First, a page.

10 TBR Problems You’ll Understand if You’re a Bookworm

TBR /to be read/
Noun

1. A list of books that you plan, at some point, to read
2. Every bookworm’s nightmare

The TBR. The word that sends an unappealing shiver down every bookworm’s spine.

Some people won’t understand why something as simple as a list can provoke such intense fear.  These people probably have one or two books they haven’t read. Maybe these books are piled artfully on their coffee table, ready to be picked up as and when.

THESE PEOPLE SHOULD NOT BE TRUSTED.

Bookish people, however, will understand the fear we have for the TBR. There may be some that are in control of their pile, in which case – how have you managed this act of brilliance? And can you please make a book about how to get in control of your TBR that I will put on my own TBR and read in around 3 years?

The other sort of bookworm (the majority, I hope) have a pile – OK, a mountain – of books that they will, at some point, read.

Maybe.

Hopefully.

In an ideal world.

And these ten problems relate to that pile (mountain).

1. it never ends

Forget the Neverending story, this is a never-ending list. I can’t remember the last time my TBR was manageable (I think I may have been around 10 years old). There comes a time when you don’t even bother saying ‘TBR pile’ – it’s not a pile when it’s taller than you.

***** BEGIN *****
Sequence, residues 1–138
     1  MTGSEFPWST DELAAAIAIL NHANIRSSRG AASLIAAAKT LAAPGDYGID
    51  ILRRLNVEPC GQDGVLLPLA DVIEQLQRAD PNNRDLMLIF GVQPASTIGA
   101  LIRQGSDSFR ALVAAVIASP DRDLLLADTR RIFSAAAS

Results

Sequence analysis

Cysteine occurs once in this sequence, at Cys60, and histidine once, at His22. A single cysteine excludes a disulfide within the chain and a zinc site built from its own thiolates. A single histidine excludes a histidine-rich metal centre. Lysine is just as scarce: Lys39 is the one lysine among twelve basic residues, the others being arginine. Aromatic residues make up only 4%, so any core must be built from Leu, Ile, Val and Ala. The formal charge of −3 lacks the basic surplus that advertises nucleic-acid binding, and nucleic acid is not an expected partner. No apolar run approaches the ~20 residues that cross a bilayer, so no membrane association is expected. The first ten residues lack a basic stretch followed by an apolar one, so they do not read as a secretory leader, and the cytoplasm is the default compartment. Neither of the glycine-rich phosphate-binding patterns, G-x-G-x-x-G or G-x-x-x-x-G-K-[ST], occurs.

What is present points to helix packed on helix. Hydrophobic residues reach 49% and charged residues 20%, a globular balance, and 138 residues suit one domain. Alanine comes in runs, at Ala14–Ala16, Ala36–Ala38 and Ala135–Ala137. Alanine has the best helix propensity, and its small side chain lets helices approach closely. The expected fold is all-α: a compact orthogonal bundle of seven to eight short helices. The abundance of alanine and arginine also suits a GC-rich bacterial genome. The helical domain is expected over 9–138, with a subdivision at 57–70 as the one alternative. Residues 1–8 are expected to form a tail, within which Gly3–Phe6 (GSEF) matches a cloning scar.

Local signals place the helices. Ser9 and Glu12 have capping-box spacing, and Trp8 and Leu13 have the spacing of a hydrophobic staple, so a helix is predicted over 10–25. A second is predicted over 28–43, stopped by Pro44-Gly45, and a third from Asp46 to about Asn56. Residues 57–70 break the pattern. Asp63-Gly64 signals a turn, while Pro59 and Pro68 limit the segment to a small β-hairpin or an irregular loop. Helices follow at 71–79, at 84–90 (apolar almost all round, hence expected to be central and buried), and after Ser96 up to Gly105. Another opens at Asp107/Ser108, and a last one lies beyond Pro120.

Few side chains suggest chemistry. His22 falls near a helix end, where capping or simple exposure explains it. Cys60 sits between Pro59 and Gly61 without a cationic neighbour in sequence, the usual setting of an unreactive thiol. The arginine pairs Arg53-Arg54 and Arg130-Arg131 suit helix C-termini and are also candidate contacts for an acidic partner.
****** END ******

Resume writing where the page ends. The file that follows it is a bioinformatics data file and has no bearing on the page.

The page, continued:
2. storage is a slight issue

When I moved into my flat, I had one floor to ceiling bookshelf; plenty of space for all my books, right?!

Within two months, I had another bookshelf in my bedroom. This was meant to be my TBR ‘pile’.

Now I have at least three stacks of books piled up around my bed and another pile on my windowsill that I’d realistically ‘count’ as my TBR pile (that’s about 15 books). The books on the shelves must sit forevermore in darkness and pray for the day they might hold a bookmark between their pages.

3. it grows and grows and grows

Seriously, where do all these books come from? I’m certain my TBR has a doubling charm on it. Touch one and it multiplies… FOREVER!

My TBR grows at a faster rate than I can get through them. And this isn’t always my fault – OK, it’s around 60% my fault. The other 30% is the fault of publishing friends that keep giving me proofs of things I never asked for but still want to read (to those friends: don’t ever stop supplying books). The last 10% is down to more bookish friends lending me their favourite reads.

I don’t even have to buy books myself for the TBR pile to grow.

4. deciding what to read next is impossible

Do you know what you’re reading next? I don’t. I have no idea. I try my best NOT to think about my next read.

Why?

Because looking directly at the TBR induces an extreme amount of happiness, panic, and fear. Conversations with myself go like:

“There’s the book I want to… ooh wait, I was told this one was really … but I have to finish the series of that…But this one is so pretty… Ooh I forgot about that…”

Within a minute I have yet another stack of books. These are just the contenders for the next read. Generally, I’ll have to take the finalists to the closest sane person around and ask them to pick one for me. It’ll take around four attempts before we get to a choice that I’m happy with.

Life as a bookworm is hard.

5. re-reading books is a betrayal

I am quite good at culling books – once I’ve read them, that is. I won’t keep a book I won’t re-read. But the idea of re-reading something in the same vicinity as your TBR pile is akin to leaving a sad puppy uncuddled.